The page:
How to Control Invasive Spongy Moths by Wrapping Your Trees with Burlap

A female gypsy moth on rough tree bark laying an egg clump. The moth is white, the egg clump is light brown.

As Spring and Summer approach and all our lovely plants and animals start waking up, there’s one invasive pest in particular that is getting ready to create havoc in the treetops: The infamous Spongy Moth, also known as Lymantria dispar dispar (LDD) or the Gypsy Moth.

Spongy Moths are destructive hardwood tree eaters, and its larvae and caterpillars have devastated tree canopies all across North America. If you have a Spongy Moth infestation, your trees will quickly be defoliated – a single caterpillar is capable of eating one square meter of tree canopy as it matures. Defoliated trees are weak to disease, insects, and molds that will slowly kill the affected tree, greatly reducing your local forest populations. Most healthy deciduous trees (oak, birch, etc.) can withstand a year of complete defoliation and will produce new leaves later in the summer or the following year. However, if spongy moths attack coniferous trees (pine, spruce, etc.), sickly trees, or defoliate deciduous trees two years in a row, they may kill them. To keep these trees alive they will need protection.

Spongy Moth caterpillars begin their activity in mid to late April. We recommend Burlap wrapping your trees from April to August, as the caterpillars that have fallen or been knocked from the canopy and onto the ground by predators, will be looking to climb back up to the leaves. After August, surviving caterpillars have grown into moths. Female Spongy Moths do not fly, and will continue to seek shelter under the burlap traps. Once the weather begins to turn around in late September, burlap traps will need to be removed and disposed of.

It's recommended to go for the more natural approach – such as burlap – when wrapping trees, as some other tree banding supplies such as tape and oils, can be harmful to other animals. So, if you’re looking for a natural and easy way to control these pests from taking up residence in your trees, we’ve created this easy guide to creating “Burlap Traps” that will catch Spongy Moth caterpillars, including how to dispose of them safely and effectively.

Materials
  • Burlap By Yard
  • Twine or Cord
  • Scissors
  • Gardening Gloves or Rubber Gloves
Steps
  1. Measure the circumference of your tree using a soft measuring tape or a length of string to figure out how much burlap is needed to wrap around the trunk. Add about 6 inches to the measurement – the burlap band should overlap itself to completely block the caterpillar’s path up and down the tree.

    A pair of hands using a soft measuring tape to measure the circumference of a tree trunk

  2. Cut a rectangle from the burlap that is a minimum of 12” wide by the length of your measurement from step 1. The width is the size of your trap and will be dependent on your location (urban or rural) as well as the type of tree and trunk span. We recommend a larger trap for areas that will be the most affected.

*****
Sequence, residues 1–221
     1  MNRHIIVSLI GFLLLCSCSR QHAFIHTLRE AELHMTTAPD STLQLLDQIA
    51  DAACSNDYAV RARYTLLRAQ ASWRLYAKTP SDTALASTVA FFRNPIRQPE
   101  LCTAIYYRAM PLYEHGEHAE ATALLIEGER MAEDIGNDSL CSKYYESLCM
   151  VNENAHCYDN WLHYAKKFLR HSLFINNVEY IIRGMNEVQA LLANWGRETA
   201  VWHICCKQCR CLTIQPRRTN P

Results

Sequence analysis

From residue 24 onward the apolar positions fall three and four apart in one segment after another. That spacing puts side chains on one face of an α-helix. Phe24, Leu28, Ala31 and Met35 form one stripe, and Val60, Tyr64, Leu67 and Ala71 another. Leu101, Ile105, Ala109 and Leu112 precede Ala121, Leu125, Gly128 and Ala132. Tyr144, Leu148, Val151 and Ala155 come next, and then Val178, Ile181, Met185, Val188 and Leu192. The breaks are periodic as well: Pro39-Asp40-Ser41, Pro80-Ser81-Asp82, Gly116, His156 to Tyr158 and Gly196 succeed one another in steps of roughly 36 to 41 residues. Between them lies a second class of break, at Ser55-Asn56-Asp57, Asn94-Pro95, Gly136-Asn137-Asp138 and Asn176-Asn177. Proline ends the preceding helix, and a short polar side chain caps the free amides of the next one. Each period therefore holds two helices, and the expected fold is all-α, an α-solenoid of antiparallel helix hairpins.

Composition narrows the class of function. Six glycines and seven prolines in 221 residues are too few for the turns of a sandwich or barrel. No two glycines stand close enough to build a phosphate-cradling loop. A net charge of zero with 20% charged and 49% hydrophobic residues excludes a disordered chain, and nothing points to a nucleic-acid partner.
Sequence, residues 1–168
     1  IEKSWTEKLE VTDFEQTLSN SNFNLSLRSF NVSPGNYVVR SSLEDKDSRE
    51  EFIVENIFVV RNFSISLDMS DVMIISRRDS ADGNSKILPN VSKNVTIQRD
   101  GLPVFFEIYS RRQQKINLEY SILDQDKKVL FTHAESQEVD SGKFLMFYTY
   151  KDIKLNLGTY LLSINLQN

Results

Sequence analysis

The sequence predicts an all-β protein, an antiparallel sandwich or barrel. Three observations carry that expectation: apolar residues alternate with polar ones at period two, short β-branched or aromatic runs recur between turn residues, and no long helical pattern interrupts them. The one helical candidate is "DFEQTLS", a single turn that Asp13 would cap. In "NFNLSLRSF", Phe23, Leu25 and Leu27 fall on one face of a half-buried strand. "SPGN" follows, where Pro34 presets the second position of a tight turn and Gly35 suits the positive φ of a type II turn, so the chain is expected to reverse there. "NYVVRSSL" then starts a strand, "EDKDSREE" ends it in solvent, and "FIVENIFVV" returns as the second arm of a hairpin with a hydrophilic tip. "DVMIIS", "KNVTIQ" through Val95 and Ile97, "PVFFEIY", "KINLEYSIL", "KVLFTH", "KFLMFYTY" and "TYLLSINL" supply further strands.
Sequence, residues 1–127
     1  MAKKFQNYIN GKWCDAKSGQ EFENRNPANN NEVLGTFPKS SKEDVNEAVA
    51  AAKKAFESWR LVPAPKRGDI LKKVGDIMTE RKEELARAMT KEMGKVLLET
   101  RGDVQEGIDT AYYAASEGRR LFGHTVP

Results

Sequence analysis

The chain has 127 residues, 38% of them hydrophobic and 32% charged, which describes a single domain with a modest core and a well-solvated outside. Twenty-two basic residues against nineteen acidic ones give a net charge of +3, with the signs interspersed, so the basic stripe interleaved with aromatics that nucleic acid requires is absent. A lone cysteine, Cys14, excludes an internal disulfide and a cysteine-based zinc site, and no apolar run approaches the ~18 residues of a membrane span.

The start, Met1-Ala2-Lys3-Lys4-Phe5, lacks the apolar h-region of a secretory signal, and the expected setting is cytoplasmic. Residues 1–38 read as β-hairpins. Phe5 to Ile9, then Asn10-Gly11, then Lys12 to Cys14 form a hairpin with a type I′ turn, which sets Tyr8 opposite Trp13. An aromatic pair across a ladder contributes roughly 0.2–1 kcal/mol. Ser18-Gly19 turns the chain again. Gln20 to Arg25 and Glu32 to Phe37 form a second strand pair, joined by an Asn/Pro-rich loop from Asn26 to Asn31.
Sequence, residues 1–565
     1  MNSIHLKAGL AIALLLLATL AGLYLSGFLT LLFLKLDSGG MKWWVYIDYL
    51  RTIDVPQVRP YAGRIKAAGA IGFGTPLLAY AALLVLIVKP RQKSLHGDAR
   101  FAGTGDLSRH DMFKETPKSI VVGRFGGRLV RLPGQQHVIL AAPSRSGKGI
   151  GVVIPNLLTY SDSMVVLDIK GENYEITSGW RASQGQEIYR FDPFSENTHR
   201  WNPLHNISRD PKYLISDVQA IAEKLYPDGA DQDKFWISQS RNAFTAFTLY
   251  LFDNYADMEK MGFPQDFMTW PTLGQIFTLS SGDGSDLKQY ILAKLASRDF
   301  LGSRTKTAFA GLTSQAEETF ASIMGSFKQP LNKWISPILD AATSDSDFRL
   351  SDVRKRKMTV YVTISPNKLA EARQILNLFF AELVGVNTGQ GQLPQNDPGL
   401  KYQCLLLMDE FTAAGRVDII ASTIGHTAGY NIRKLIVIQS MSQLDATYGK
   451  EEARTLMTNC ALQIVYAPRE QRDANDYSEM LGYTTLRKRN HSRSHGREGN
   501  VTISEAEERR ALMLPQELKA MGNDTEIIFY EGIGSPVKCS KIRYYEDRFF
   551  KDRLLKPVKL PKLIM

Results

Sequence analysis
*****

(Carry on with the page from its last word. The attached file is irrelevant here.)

Cut a piece of twine or cord that will be long enough to tie around the band.

    Hands using scissors to cut into burlap, using a soft tape measure as a cutting guide
  3. Wrap the band around the trunk, tying it tightly around the middle with your twine or cord.

    Some trees have naturally deep grooves in the bark that make it hard to completely block off access to the branches from the caterpillars. In this case, you can try placing another band slightly above the first or you can add a second layer of burlap to your band.

    A pair of hands using twine to tie a band of burlap around a tree trunk. The twine is in the middle of the band of burlap
  4. Fold the top half of the burlap over, creating a ‘skirt’ of burlap.

    Caterpillars will hide from the sun underneath the burlap skirt during the heat of the day which will be easy for collection and disposal of the Spongy Moth caterpillars.

    A single hand folds the top of a burlap band over twine tied in the middle of the band, to create a flap of burlap over the lower half of the band
  5. Remove any caterpillars at the end of every day - or every two days in the early and late seasons - by scraping them from the burlap band into a container of soapy warm water. Optionally you can also add a small amount of bleach to the mixture.

    This step is VITAL – if the caterpillars are not removed from the burlap traps, the burlap will become breeding grounds for the next generation of Spongy Moths.

    CAUTION: Spongy Moth Caterpillars are covered in tiny protective hairs that cause irritation when they come into contact with skin. We strongly advise you to wear gloves and clothing that will cover your arms and legs as completely as possible while you are handling the burlap trap. If you have any respiratory conditions a mask may also provide protection from any airborne hairs. Promptly wash your clothing and gloves after you are done removing caterpillars and replacing the burlap.

Burlap traps, AKA Burlap Banding, is a safe and effective method of controlling invasive Spongy Moth caterpillars during the peak seasons. If your community has been affected by defoliation from Spongy Moth infestations, we hope you can use this tutorial to keep your local eco-system balanced and healthy!

Show us your Burlap Trap experiences by tagging #thefeltstore on social media.


1 comment


  • Marianne Ariganello

    Super helpful post. Could you update it to the new name: Spongy moth.;-)


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